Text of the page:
What does the Song of Songs have to do with Advent? – Advent 2018


Fr. Kyle Manno Discusses the Song of Songs and a heartwarming story that happened before his first Mass. He reminds us that God is our divine lover, who seeks us out through our hurts and suffering. Fr. Kyle encourages us to come to God, and ask Him to be in our lives. 

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Reflective Study Guide Questions

“The sound of my lover! here he comes springing across the mountains, leaping across the hills. My lover is like a gazelle or a young stag. See! He is standing behind our wall, gazing through the windows, peering through the lattices. My lover speaks and says to me, “Arise, my friend, my beautiful one, and come!

Song of Songs 2:8 – 10
  • The Song of Songs is a love song written by God to His people. Have you read it before looking at it that way?

  • All of Advent is a love story: God decided to create all of us for one reason: to be loved. Jesus loves us and that’s why He comes at Christmas. Additionally, you were created to be loved and to love. How are you doing both of these this season, allowing yourself to be loved by Him, and loving Him and others?

  • Have you been loved poorly by others? How has that affected your relationship with God?

Text: What does the Song of Songs have to do with Advent?

Alright everyone, we are back here in this Advent retreat. I’m feeling good, I’m feeling alive, I’ve got my coffee, I’m good. Get yours, and let’s begin with a little prayer. 

Opening Prayer

In the name of the Father, the Son, and the Holy Spirit. Amen. Lord and Heavenly Father, we give You thanks and praise for this time together. We ask that You bless our conversation, bless this talk on Your love, discovering more and more how to prepare our hearts for Your coming. We ask this through Christ, our Lord. Amen. In the name of the Father, the Son, and the Holy Spirit. Amen. 

“To Come”

And I am really excited to be here with all of you again today. Just a reminder: My name is Father Kyle Manno, I’m a priest in the Rockford diocese in good old Illinois, in DeKalb Illinois is where I’m at, home of corn, home of barbed wire – fun fact, barbed wire was invented in DeKalb Illinois, in the middle of nowhere, essentially. I’ve been a priest for 2 years, got ordained June 4th, 2016. I’m now assigned at the Newman Center at Northern Illinois University, as well as vocation director for the diocese. And it’s essentially 2 full-time jobs, that’s what I’ve been discovering more and more each day. 

And so I’m excited to be with all of you again on this little conversation in this time journeying through Advent. And just a reminder that Advent comes from 2 Latin words: “Ad,” meaning “To,” and “Venire,” meaning “Come.” And so Advent means “To come,” right. Of course, we’re celebrating the coming of Jesus Christ into the world, and what a beautiful time it is to prepare our hearts for that coming through these retreat moments, when we get to step back out of our day with a coffee or hot chocolate, and just talk about the Lord and how good He is.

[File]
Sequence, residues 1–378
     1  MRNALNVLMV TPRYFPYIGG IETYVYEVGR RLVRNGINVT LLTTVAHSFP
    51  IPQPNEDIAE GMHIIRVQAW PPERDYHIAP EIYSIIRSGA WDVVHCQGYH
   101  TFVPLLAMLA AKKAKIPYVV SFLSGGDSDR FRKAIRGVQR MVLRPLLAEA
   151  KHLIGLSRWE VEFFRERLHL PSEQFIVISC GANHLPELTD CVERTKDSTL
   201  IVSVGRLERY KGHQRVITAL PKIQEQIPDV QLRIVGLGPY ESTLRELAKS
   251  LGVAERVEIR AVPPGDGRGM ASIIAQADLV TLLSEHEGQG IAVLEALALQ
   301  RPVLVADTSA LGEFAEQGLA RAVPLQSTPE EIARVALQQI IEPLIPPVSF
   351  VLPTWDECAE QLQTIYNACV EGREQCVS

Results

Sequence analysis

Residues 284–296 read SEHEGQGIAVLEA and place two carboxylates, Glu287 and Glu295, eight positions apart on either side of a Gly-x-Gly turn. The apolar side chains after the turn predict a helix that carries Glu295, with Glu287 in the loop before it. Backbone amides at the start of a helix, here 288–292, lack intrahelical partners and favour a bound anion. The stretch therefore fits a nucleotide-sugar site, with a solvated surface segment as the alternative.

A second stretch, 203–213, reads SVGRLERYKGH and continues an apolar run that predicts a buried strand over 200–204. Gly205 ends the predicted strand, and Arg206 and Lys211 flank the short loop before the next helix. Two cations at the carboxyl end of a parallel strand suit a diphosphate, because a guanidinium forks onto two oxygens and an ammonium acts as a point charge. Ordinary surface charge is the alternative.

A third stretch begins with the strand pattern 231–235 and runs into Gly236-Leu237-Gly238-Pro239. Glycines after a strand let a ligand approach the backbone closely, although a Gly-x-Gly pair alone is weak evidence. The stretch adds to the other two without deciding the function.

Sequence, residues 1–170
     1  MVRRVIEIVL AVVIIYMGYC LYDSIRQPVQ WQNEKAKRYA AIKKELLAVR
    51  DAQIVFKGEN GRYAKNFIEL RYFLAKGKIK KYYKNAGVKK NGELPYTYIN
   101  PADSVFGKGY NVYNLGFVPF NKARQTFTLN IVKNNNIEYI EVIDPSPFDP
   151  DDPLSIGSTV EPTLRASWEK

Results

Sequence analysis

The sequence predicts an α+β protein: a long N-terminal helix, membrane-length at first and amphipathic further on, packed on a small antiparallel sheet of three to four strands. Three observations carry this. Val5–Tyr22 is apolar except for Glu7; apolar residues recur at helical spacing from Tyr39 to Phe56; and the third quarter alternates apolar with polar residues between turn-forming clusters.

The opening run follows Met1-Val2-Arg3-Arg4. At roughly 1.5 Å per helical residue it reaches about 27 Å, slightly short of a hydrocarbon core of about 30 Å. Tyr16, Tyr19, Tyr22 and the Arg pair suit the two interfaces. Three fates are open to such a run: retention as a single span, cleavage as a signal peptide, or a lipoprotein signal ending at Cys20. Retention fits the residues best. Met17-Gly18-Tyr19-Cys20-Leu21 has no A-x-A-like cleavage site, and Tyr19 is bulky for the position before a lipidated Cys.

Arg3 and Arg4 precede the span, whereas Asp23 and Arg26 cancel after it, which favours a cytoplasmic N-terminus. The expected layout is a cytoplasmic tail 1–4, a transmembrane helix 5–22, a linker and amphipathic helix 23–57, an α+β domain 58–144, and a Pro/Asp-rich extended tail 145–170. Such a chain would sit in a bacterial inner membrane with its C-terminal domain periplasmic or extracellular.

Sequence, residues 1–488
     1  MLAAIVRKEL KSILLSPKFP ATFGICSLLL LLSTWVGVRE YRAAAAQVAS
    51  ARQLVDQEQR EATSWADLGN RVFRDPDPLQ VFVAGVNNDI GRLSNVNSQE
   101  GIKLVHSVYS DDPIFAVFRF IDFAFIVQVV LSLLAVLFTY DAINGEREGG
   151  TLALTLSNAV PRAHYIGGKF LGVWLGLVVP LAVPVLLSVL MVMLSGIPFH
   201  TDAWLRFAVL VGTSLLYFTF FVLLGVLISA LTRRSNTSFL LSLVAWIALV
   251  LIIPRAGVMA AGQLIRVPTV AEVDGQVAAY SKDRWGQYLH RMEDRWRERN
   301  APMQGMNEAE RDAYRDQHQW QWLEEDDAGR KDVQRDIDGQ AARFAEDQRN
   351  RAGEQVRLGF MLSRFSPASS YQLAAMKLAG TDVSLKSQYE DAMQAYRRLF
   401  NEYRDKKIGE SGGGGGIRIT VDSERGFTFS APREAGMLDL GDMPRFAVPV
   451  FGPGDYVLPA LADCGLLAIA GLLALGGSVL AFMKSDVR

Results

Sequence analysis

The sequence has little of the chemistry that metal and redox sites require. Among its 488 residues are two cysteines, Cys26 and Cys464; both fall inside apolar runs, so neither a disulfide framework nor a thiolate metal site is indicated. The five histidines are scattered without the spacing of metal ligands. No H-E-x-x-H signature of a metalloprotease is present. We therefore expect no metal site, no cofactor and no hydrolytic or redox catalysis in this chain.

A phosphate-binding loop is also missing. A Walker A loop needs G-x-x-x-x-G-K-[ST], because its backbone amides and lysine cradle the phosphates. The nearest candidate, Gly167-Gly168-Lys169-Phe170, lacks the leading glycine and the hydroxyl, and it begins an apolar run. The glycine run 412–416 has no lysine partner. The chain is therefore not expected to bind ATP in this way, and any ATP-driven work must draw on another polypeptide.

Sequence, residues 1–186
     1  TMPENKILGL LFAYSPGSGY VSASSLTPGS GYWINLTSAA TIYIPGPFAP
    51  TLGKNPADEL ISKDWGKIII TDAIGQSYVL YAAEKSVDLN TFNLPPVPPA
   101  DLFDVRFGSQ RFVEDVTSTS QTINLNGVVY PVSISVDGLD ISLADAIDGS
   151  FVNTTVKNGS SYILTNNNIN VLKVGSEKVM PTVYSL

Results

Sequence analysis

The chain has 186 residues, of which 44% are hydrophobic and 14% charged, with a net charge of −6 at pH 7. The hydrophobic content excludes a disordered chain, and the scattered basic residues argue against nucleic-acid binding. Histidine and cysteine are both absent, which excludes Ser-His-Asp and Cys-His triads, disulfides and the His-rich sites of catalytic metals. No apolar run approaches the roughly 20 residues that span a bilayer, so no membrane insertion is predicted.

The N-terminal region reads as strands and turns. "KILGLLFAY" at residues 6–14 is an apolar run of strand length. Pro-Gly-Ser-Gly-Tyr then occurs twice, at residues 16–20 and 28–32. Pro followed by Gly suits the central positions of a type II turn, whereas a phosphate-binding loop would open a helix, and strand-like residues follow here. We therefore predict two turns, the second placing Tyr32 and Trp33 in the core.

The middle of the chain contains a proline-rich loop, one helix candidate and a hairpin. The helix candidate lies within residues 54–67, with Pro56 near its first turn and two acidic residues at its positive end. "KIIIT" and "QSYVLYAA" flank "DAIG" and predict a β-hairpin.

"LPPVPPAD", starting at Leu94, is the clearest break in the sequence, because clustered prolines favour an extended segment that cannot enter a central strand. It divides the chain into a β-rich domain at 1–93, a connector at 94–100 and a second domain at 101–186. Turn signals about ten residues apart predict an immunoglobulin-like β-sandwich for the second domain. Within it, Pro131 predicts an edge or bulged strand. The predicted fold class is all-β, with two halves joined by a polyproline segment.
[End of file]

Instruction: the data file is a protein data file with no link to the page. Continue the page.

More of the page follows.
Song of Songs

So today’s talk is on the Song of Songs, and the real question is: Why is the Song of Songs in Advent, in the readings at mass. And to first kind of begin that, we have to know what is the Song of Songs. So, the Song of Songs is the song of all songs written by the God of the universe, and essentially it’s a love song from God to His people, right. God is this divine lover who wants to seek us out. He wants to bestow so much grace, love, and mercy on us. And so it’s this beautiful song, the greatest song ever written, by the God of the universe to His people, to each one of us. 

And, essentially, it’s this beautiful poetry. And if you read some of it, I’m going to give you a little snapshot here of what’s happening in this story. It begins right in the Song of Songs 2, verse 8: Hark! my lover – here he comes springing across the mountains, leaping across the hills. My lover is like a gazelle or a young stag. Here he stands behind our wall, gazing through the windows, peering through the lattices. My lover speaks to me; he says, “Arise, my beloved, my beautiful one, and come! So the question is: Why is this love song, why is this love language in the season of Advent? When we wear purple it’s supposed to have a sense of penance, right? Recognizing that we are broken, that we need to make up for our sins, that we need to prepare our hearts because the God of the universe is about to show up in the form of a beautiful baby. 

Created To Be Loved

And so why put in a love story as we are called to meditate on our sins and prepare our hearts? Well, yeah, a baby is showing up, Jesus Christ, but this child entering the world is love incarnate, right. I mean, all of Advent, all of human history has been a love story, right. The God of the universe, the Holy Trinity, the Father, the Son, and the Spirit, at one time, at some moment – which… it’s hard to talk about a moment – but God decided to create all of us for one reason, and that was to be loved. There is no other mission that God has in this world. God has no other plan than to love you. That’s it, right. One divine mission: To love you. And so you are called to be loved, and then give love.